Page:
Yes, it’s true – how you present at work dictates how you are perceived; it is the ultimate in nonverbal communication and every woman wants to say ‘success’. So says Donna Karan who, for so many years has designed for the ‘career’ woman. She is the genius who coaxed so many women out of their 1980’s career clothes into elegant easy pieces for the office. Donna Karan was the lady who invented the concept of the capsule wardrobe and in so doing solved the problem of women thinking that to compete with a man they needed to dress like one!
When it comes to building self-esteem and confidence, your outer appearance is a major factor in how you feel about yourself and how others perceive you. Looks may not be everything, but when it comes to the kind of impression we have about ourselves, minute details like clothing are a key part of our self-image. Whether you wear expensive designer clothing every day or are a thrifty shopper who seeks out the latest trends in her price range, you are defined by how you dress, and the way you view yourself is also determined by your clothing.
A woman’s style is a personal statement that often illustrates how she feels about life and society and the role she plays within her community and work environment. However, it can also be an indication of her level of confidence and self-worth. According to certain studies, there is a strong link between the way in which people feel and their styles of dress.
The handshake is the most important professional greeting in business today. It is something most of us do often, particularly in business. We shake hands. We shake hands with long-time friend, old acquaintances and with new clients and colleagues.
The handshake is a part of the first impression we make. Together with the first impression we make with our appearance, body language and grooming, it is the handshake that is the first point of physical contact.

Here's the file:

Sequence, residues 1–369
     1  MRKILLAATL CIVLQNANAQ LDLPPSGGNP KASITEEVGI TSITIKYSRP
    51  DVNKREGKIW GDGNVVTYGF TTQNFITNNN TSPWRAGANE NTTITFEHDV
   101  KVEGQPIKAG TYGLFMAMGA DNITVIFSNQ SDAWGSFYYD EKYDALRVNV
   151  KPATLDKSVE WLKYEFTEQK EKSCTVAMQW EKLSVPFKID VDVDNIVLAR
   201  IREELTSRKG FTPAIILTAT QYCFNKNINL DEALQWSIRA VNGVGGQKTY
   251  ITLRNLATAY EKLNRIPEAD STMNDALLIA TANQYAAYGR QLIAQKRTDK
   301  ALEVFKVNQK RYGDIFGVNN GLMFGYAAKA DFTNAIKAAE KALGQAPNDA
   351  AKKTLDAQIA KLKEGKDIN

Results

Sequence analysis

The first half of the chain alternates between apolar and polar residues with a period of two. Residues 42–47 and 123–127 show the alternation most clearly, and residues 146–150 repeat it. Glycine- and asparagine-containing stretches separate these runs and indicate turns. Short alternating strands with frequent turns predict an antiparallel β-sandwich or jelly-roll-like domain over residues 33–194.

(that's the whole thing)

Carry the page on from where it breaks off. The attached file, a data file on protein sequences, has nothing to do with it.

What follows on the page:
Clothes labels. The bane of my life. We are made to believe that if we are not a size 10 or smaller, we are overweight. Unfortunately, magazines and the media in general has set up normal, real sized women for failure and disgust by making us feel badly about our body image. In reality, can we as ‘normal’ grown women really expect to wear the same size as those ‘stick insects’ called models, beautiful and all as many of them are. These are not ‘real’ women. They are simply ‘bodies’ hired by the fashion industry to try and convince us to buy their products. This is not a healthy image. It is not a real image. In reality, the average sized woman is 14, probably closer to a size 16. And, generally, she is not 5’11”! My advice to clients is to use labels as a guide only. However, I frequently when personal shopping with cients how stressful she finds it if she has to opt for a size bigger than normal. Not all size 12’s fit the same – sometimes they fit like a 10 (or even an 8) and sometimes they fit like a 14 or more. (higher end fashion is cut more generously). I was shocked a few months ago when shopping with the teenage daughter of a client. She was roughly what I would consider a regular size 12. However, in a number of high-street stores, all of the clothes for her size were labelled as extra large. What kind of message is this sending out to young teenage girls? The secret is to buy clothes that fit properly. There is nothing as bad as someone ‘poured’ into dress which is too tight. It has the effect of making the wearer look bigger. Forget about the label. If you are healthy and well, what does it matter as long as you look and feel great. Forget about the body issues. Embrace your shape and dress for the size you are today. The secret is to focus on the positives and downplay the negatives – dress for your body shape, and you won’t believe how fantastic you will look. In our style consultations, we focus on showing clients what suits their shape, and how to make the best of the best features. Clients find this so positive and empowering. Liberating too when they really accept that they cannot be a slave to labels. They are real. They are